Arturia’s KeyStep 37 is a MIDI keyboard that encourages creativity but won’t break the bank

Although it’s arriving in chronologically dubious circumstances, it’s fair to say that the new KeyStep 37 is the ‘middle child’ of the KeyStep MIDI keyboard range, sitting above the standard model but below the Pro variant. Think of it as the bottle of wine you’d choose on a first date in order to appear neither too flashy or too cheap.

Like its siblings, this is a MIDI keyboard with some significant extras. In this case, a sequencer and arpeggiator, chord performance tools - including a strum feature - scale quantisation and real-time MIDI controls. It’s designed to encourage creativity and, as well as working with your computer, can also be used to control MIDI synths or CV and modular gear.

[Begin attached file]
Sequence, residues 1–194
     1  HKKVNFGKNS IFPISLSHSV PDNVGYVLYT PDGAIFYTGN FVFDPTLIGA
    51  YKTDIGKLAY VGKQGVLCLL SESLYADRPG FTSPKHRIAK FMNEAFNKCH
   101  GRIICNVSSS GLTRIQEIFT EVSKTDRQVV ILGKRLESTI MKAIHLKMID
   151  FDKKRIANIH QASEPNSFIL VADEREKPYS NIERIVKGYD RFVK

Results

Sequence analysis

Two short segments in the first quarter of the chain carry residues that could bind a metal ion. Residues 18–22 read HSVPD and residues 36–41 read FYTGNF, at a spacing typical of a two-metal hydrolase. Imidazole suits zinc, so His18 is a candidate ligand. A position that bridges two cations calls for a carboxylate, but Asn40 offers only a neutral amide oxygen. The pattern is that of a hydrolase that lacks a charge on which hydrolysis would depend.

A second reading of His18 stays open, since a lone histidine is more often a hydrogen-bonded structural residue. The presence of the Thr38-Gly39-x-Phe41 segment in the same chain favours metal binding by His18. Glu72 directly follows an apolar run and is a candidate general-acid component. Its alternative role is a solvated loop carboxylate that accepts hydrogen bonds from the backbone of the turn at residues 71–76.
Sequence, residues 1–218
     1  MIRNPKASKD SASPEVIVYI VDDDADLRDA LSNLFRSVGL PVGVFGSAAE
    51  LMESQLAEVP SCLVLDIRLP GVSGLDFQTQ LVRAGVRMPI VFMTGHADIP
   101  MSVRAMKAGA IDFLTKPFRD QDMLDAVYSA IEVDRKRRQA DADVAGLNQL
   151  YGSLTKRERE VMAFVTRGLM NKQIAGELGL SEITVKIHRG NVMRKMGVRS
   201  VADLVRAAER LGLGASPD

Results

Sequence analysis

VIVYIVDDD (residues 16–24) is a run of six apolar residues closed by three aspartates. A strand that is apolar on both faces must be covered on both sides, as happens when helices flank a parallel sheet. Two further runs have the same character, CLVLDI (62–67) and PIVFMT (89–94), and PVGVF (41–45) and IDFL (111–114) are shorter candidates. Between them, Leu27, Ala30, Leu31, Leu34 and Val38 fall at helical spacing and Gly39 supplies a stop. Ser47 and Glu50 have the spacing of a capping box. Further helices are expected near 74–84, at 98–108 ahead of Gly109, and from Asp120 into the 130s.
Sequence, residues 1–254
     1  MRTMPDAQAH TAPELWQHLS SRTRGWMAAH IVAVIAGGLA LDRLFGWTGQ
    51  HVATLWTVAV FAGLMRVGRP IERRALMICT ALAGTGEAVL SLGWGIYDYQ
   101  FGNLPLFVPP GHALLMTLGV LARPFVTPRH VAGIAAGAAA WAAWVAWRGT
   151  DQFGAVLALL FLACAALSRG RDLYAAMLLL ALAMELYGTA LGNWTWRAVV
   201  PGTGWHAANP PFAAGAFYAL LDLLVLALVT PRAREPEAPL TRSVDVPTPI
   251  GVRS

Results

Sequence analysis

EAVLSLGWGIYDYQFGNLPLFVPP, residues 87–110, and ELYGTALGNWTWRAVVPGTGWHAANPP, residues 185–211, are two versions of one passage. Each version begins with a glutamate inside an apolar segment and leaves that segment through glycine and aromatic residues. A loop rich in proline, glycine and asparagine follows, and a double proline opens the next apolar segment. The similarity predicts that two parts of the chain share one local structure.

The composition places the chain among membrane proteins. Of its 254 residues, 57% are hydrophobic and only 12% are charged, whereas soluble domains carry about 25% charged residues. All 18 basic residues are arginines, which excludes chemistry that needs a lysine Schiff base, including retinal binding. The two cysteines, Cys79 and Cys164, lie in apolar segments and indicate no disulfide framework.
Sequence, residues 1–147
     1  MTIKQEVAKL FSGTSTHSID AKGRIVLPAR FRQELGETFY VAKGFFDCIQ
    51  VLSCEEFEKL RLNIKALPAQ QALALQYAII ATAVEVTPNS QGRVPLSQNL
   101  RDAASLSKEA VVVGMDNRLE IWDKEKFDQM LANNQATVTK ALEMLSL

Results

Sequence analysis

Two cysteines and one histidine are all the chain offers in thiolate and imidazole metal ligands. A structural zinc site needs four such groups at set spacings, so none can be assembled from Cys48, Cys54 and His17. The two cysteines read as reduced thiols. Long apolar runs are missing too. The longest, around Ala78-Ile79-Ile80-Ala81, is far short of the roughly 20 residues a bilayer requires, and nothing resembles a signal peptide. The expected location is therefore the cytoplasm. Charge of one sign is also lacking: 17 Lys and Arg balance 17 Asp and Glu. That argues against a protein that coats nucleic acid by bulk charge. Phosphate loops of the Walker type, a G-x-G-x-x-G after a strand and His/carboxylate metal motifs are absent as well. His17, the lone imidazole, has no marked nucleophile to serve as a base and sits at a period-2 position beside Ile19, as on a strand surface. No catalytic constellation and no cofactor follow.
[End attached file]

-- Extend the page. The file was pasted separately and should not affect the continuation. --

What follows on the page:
Specs are below, and you can see the KeyStep 37 in action in the video above. It costs £149 and will be available later this month. Find out more on the Arturia website.

Arturia KeyStep 37 specs

  • 37-note keyboard with velocity and aftertouch
  • RGB LED keyboard indicators for note tracking 
  • 64-step sequencer with 8 patterns
  • 8-note polyphony per step
  • Step recording and live recording sequencer modes
  • Mono and overdub recording options
  • 8 mode arpeggiator with new random modes
  • Chord mode offers 12 chord voicings included a user-defined chord
  • Unique strum, velocity and note controls for Chord mode
  • Scale mode lets you quantize the keyboard to a scale of your choice - never hit a wrong note
  • 5 scales to choose from, including a user-defined scale
  • 16 assignable & adjustable MIDI CC controls
  • USB, MIDI, CV and clock connectivity - with USB A port.
  • Includes Ableton Live Lite
Ben Rogerson
Deputy Editor

I’m the Deputy Editor of MusicRadar, having worked on the site since its launch in 2007. I previously spent eight years working on our sister magazine, Computer Music. I’ve been playing the piano, gigging in bands and failing to finish tracks at home for more than 30 years, 24 of which I’ve also spent writing about music and the ever-changing technology used to make it. 

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